Akira Kuro-sawa, the internationally acclaimed director of epics such as "The Seven Samurai" and "Rashomon," died at his home Sunday, a spokesman for his film company said. He was 88.
The cause of death was not immediately known, said Toru Tanaka, an official of Kurosawa Film Production.Kurosawa, known as "The Emperor" for his perfectionism and extravagance, was one of the few Japanese directors to find fame on international screens. His work inspired a generation of directors both in Japan and in the United States.
Kurosawa's "Rashomon" received the Academy Award for Best Foreign Film in 1951, and his 1975 film, the bleakly lovely Siberian-set "Dersu Uzala," brought him his second Oscar. He was awarded a special Oscar in 1990 for his half-century career in filmmaking.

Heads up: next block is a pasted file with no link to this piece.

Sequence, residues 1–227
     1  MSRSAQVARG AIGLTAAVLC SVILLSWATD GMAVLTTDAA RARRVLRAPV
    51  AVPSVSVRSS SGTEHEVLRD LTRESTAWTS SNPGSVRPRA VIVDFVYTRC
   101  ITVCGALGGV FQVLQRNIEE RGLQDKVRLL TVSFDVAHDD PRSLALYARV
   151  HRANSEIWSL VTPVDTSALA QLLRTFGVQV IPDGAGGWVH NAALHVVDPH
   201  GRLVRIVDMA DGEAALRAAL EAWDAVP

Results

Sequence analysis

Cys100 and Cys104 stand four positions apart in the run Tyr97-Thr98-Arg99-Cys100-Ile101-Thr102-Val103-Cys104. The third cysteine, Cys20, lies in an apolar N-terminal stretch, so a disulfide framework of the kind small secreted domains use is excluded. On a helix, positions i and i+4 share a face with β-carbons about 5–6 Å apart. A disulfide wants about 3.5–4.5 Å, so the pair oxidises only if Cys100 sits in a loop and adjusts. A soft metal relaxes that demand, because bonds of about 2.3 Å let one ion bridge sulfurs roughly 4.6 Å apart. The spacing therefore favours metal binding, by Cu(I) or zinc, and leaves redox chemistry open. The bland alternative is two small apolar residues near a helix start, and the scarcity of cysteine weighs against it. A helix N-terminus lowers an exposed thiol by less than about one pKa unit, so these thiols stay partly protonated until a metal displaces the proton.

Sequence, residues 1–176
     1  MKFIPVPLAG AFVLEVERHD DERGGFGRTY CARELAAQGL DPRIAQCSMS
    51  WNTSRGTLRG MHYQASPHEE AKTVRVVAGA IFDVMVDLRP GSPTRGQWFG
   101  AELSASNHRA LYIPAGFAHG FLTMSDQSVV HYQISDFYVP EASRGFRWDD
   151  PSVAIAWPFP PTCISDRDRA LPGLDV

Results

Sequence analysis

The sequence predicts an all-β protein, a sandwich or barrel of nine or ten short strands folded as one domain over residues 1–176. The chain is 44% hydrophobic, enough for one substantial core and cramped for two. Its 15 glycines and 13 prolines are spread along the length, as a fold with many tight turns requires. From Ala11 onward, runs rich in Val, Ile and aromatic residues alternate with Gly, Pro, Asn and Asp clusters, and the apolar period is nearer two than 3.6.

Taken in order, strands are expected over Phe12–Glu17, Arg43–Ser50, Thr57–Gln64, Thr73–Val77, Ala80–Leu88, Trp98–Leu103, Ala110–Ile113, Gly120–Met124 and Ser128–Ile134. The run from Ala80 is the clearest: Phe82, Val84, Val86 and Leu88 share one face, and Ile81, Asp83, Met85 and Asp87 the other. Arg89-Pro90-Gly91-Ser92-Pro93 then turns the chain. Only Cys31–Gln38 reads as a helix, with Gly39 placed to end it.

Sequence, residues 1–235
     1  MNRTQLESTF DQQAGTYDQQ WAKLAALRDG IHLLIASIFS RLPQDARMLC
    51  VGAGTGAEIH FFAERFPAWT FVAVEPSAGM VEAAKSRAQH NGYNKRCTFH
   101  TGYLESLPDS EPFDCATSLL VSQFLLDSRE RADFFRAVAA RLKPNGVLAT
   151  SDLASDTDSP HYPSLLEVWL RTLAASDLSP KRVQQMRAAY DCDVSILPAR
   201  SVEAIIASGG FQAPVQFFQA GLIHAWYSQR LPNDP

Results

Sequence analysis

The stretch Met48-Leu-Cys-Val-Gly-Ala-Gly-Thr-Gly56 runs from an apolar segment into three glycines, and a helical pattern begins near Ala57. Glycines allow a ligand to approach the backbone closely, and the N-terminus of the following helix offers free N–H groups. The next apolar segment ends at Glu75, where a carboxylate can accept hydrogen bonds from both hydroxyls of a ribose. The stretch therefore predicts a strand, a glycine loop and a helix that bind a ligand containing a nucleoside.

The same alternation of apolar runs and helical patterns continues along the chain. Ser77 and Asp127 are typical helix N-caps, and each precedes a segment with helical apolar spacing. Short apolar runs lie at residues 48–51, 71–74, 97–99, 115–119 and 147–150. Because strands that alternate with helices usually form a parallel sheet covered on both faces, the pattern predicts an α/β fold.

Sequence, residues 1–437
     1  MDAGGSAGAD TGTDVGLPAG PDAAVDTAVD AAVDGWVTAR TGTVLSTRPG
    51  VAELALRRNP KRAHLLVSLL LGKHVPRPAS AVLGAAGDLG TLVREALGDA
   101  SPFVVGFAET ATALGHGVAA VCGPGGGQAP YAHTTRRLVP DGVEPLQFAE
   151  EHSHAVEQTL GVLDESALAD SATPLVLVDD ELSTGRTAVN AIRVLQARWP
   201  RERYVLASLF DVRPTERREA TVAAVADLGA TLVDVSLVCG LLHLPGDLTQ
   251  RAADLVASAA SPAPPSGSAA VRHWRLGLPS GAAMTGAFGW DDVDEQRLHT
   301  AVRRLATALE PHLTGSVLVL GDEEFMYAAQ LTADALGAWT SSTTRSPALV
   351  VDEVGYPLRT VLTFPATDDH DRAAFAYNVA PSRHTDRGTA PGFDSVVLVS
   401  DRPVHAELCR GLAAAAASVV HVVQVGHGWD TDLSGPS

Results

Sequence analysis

"Take `myself,' subtract `movies,' and the remainder is `zero,' " the director once wrote. His themes often asserted the value of the warrior spirit, humanist ideals and the urgency of self-sacrifice, even if futile.
"He had a god-like vision that translated well to American movies," said Naoko Kimura, an independent film critic in Tokyo.